The Rogers Research Group at Northwestern University, under the direction of Dr. John Rogers, has completed groundbreaking work in areas such as microfluidics and bio-integrated electronics. Technologies developed by the Rogers Research Group include: a skin-like wireless wearable device to monitor neonates, wearable microfluidics for tracking biofluids non-invasively, and wireless wearable sensors to monitor UV light exposure.
Cardiologist and Medical Director of the Bluhm Cardiovascular Institute West Region Research Program,Jay Pandit, MD, is collaborating with the Rogers Research Group to study how sweat can be used to monitor a patient’s health status. The study – Blood And Sweat chemistry In Cardiology: Correlating biofluid chemistry during rest and stress (The BASIC Study) – will use sweat patches specially designed by the Rogers Research Group to adhere to skin and capture sweat. Sweat collected from study participants under both rest and stress conditions will be compared to standard blood and urine specimens to determine if there is a correlation between proteins and metabolites found in blood and urine and those found in sweat. The results of this study may lead to additional research on using sweat and wearable sweat sensors to monitor cardiovascular conditions.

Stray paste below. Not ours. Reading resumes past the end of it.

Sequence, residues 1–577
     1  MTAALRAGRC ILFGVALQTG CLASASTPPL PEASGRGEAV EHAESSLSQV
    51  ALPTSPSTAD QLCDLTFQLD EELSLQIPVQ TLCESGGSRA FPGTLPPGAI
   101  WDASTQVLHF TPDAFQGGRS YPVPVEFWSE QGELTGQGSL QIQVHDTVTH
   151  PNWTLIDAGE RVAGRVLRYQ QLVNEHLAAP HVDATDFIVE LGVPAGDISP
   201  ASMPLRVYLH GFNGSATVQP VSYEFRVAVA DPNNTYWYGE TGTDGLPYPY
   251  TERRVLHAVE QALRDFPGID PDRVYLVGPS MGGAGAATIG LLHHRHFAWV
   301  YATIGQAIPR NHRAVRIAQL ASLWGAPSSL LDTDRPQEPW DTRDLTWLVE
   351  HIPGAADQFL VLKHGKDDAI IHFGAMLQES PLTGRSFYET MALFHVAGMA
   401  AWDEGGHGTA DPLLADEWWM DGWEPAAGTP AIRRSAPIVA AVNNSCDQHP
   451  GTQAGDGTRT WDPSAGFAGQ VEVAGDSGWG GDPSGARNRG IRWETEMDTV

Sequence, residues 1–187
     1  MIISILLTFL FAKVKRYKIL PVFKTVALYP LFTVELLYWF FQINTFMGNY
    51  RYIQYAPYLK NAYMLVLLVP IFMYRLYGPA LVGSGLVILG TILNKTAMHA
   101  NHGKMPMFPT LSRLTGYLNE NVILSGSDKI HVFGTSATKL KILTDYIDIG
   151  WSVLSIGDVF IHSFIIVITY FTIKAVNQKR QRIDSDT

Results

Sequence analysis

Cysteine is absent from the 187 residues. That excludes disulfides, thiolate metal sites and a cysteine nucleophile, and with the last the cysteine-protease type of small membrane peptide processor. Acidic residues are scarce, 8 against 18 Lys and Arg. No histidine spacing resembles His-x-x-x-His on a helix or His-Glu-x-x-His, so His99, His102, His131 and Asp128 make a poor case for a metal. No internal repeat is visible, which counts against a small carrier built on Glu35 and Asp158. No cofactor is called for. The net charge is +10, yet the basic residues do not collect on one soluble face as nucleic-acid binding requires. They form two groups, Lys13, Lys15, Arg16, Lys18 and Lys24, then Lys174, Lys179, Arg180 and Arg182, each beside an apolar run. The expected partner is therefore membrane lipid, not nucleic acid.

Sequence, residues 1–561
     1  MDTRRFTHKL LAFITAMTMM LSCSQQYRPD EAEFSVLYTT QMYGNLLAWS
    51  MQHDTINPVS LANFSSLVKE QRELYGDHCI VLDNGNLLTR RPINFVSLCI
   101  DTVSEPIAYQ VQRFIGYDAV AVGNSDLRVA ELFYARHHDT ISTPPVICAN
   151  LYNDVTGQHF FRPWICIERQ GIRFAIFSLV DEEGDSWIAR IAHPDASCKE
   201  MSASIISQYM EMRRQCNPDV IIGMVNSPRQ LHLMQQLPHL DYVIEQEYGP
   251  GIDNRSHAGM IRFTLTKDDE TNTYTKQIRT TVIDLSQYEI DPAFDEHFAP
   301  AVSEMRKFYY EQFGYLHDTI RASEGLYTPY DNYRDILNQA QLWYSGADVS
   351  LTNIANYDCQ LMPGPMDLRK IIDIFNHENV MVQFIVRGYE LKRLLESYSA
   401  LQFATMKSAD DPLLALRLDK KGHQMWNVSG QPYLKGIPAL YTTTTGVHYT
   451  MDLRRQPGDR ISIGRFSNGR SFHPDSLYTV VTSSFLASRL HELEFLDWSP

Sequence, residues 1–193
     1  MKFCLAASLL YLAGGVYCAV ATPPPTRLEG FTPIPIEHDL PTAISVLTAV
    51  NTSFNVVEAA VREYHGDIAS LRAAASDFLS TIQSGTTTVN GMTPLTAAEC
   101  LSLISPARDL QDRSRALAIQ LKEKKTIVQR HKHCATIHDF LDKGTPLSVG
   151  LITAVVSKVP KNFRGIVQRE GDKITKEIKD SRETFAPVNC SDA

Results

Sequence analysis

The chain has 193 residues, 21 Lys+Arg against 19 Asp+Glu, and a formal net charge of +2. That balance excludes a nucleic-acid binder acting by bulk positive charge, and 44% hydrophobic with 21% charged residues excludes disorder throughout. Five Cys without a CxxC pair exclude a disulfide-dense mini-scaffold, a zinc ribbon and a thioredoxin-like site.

The BASIC Study will enroll patients over the age of 18 undergoing a treadmill exercise stress test. The study is now open to enrollment with recruitment beginning at Northwestern Medicine Delnor Hospital.
To learn more about the study, please reach out to one of the Northwestern Medicine Bluhm Cardiovascular Institute West Region research team members listed below. They are available to answer your questions via email or by calling 630.938.3653. Learn more about clinical trials in the West Region on the Western Suburbs Clinical Trials and Research page on nm.org.